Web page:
We are currently facing the sixth mass extinction of species in the history of life on Earth, biologists claimthe first one caused by humans. Activists, filmmakers, writers, and artists are seeking to bring the crisis to the public’s attention through stories and images that use the strategies of elegy, tragedy, epic, and even comedy.
Imagining Extinction is the first book to examine the cultural frameworks shaping these narratives and images.Ursula K. Heise argues that understanding these stories and symbols is indispensable for any effective advocacy on behalf of endangered species. More than that, she shows how biodiversity conservation, even and especially in its scientific and legal dimensions, is shaped by cultural assumptions about what is valuable in nature and what is not.
These assumptions are hardwired into even seemingly neutral tools such as biodiversity databases and laws for the protection of endangered species. Heise shows that the conflicts and convergences of biodiversity conservation with animal welfare advocacy, environmental justice, and discussions about the Anthropocene open up a new vision of multispecies justice.
11. What We Talk About When We Talk About Books: The History and Future of Reading
Author: by Leah Price
Published at: Basic Books (August 20, 2019)
Reports of the death of reading are greatly exaggerated Do you worry that you’ve lost patience for anything longer than a tweet? If so, you’re not alone. Digital-age pundits warn that as our appetite for books dwindles, so too do the virtues in which printed, bound objects once trained us: the willpower to focus on a sustained argument, the curiosity to look beyond the day’s news, the willingness to be alone.
The shelves of the world’s great libraries, though, tell a more complicated story. Examining the wear and tear on the books that they contain, English professor Leah Price finds scant evidence that a golden age of reading ever existed. From the dawn of mass literacy to the invention of the paperback, most readers already skimmed and multitasked.
Print-era doctors even forbade the very same silent absorption now recommended as a cure for electronic addictions. The evidence that books are dying proves even scarcer. In encounters with librarians, booksellers and activists who are reinventing old ways of reading, Price offers fresh hope to bibliophiles and literature lovers alike.
12. The Federalist Papers: Complete Collection of 85 essays Written in Favor of the New Constitution
Author: by Publius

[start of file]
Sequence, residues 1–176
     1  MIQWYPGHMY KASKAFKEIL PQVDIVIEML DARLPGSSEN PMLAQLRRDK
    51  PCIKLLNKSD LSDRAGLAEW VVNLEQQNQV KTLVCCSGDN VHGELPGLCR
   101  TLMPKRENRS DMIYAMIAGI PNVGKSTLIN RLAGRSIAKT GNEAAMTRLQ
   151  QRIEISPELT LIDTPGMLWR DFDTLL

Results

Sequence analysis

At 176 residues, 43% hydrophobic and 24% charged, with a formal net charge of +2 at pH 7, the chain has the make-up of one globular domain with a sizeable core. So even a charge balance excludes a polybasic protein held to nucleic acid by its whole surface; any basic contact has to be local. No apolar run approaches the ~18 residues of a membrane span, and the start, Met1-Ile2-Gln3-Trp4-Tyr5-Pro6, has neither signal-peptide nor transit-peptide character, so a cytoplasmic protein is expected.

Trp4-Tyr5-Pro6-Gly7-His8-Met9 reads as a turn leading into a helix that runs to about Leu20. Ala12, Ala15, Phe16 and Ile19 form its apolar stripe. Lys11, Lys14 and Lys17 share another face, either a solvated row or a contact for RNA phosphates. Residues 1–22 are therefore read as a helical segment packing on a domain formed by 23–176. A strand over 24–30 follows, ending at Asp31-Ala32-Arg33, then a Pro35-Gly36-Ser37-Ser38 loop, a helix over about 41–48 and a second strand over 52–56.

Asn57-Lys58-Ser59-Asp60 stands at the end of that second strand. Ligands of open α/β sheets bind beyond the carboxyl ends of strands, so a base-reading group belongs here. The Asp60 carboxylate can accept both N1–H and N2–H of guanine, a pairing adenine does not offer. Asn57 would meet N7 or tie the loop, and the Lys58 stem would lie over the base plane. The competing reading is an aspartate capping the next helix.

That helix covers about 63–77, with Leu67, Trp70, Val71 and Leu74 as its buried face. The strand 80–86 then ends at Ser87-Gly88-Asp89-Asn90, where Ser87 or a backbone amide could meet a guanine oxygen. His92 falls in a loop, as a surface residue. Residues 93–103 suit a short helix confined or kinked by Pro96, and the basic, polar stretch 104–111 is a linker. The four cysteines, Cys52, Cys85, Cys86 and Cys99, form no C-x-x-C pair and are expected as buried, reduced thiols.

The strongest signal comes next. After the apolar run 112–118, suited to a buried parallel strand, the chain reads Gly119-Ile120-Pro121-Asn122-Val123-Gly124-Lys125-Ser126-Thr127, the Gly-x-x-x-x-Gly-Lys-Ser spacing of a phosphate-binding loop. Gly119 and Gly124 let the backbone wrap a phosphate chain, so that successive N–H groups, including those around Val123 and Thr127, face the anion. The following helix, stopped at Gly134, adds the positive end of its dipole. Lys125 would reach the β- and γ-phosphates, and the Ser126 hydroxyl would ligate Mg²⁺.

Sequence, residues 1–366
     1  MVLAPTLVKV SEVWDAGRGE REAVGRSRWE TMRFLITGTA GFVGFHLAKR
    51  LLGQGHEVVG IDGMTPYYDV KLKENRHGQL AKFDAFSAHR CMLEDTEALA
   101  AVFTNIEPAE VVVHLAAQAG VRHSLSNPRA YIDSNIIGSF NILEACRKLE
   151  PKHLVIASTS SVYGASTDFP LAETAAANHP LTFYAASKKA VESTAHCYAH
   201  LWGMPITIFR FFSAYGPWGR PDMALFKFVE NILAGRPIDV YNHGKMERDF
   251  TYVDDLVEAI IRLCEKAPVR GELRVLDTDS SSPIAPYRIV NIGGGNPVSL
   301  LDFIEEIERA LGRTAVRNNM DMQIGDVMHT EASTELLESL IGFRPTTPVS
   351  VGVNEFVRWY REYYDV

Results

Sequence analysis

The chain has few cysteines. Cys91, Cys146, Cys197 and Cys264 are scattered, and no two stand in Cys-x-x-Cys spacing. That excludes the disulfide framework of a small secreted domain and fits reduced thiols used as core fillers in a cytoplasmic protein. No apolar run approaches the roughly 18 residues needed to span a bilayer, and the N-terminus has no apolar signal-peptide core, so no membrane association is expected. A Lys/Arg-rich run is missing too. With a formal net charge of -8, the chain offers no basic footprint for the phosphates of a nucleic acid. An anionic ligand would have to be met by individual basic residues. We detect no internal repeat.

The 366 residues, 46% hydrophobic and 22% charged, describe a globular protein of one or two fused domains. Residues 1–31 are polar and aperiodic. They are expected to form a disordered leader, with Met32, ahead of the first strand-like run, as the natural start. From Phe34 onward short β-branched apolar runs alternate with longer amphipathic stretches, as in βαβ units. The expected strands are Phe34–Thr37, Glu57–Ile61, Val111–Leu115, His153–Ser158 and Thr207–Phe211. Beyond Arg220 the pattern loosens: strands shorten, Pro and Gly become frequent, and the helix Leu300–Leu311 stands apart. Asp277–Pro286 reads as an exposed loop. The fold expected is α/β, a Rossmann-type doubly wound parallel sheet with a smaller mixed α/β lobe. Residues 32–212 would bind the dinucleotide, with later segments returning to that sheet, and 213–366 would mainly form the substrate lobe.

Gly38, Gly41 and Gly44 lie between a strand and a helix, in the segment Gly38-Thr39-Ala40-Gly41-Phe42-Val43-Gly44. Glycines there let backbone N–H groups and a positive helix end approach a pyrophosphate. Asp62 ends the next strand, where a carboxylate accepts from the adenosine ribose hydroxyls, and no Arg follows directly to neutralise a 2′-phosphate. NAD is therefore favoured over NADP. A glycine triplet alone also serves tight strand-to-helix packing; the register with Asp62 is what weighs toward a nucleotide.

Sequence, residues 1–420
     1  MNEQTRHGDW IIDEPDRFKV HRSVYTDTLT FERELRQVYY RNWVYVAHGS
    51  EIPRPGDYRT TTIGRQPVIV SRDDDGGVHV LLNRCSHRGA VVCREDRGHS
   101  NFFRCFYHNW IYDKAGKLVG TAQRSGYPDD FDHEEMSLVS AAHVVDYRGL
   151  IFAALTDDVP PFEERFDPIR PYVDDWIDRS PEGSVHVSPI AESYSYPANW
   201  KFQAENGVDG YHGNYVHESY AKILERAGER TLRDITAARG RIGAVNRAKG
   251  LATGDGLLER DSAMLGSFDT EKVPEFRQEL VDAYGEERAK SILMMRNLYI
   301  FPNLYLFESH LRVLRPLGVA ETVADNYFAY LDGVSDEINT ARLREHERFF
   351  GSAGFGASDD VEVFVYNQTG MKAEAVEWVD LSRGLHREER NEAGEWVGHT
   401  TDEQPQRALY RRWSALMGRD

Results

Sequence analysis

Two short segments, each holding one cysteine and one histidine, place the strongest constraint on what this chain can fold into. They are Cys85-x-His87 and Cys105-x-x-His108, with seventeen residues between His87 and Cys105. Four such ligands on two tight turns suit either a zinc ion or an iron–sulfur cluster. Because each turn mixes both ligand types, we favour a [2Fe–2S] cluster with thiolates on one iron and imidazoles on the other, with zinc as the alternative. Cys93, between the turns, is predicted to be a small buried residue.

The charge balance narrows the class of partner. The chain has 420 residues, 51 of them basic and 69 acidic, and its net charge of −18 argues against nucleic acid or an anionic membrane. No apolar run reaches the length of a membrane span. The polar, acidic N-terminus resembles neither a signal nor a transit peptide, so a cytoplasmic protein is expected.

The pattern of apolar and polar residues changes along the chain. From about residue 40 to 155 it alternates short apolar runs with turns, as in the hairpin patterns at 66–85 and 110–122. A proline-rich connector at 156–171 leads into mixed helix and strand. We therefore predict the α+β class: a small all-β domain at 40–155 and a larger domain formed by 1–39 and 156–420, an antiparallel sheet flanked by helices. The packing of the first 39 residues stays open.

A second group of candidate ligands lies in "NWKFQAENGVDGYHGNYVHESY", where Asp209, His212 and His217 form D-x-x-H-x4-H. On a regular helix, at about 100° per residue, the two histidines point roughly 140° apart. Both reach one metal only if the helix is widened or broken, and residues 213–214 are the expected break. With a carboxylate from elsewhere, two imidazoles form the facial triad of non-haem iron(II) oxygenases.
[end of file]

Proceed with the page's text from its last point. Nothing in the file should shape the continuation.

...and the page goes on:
Published at: Independently published (December 27, 2019)
The Federalist, commonly known as The Federalist Papers is a collection of 85 written essays. They appeared between October 1787 and May 1788 in various publications as a way to convince New Yorkers of the need to ratify the United States Constitution. The Federalist Papers was the mastermind of Alexander Hamilton well known for his multilayered works in establishing many of the principles of the United States.
Hamilton recruited the assistance of James Madison and John Jay to assist in the writings of the various 85 essays. Collectively they used the nom de plume “Publius” for various reasons. The principle reason was to avoid ad hominem attacks to and from Governor Clinton who pushed against the Constitution.
Hamilton’s methods and presentations within the Federalist Papers were considered superior to his own plans for the Constitution in the Philadelphia convention. These collective essays are largely considered some of the greatest contributions to the literature regarding federalism, democracy and Western political leanings of the late 1700’s.
13. Treatise on the Whole-World: by Édouard Glissant (The Glissant Translation Project)
Author: by Celia Britton
Published at: Liverpool University Press (July 31, 2020)
This exciting, challenging book covers a wide range of subject matter, but all linked together through the key ideas of diversity and ‘Relation’. It sees our modern world, shaped by immigration and the aftermath of colonization, as a multiplicity of different communities interacting and evolving together, and argues passionately against all political and philosophical attempts to impose uniformity, universal or absolute values.
This is the ‘Whole-World’, which includes not only these objective phenomena but also our consciousness of them. Our personal identities are not fixed and self-sufficient but formed in Relation’ through our contacts with others. Glissant constantly stresses the unpredictable, ‘chaotic’ nature of the world, which, he claims, we must adapt to and not attempt to limit or control.
‘Creolization’ is not restricted to the Creole societies of the Caribbean but describes all societies in which different cultures with equal status interact to produce new configurations. This perspective produces brilliant new insights into the politicization of culture, but also language, poetry, our relationship to place and to landscapes, globalization, history, and other topics.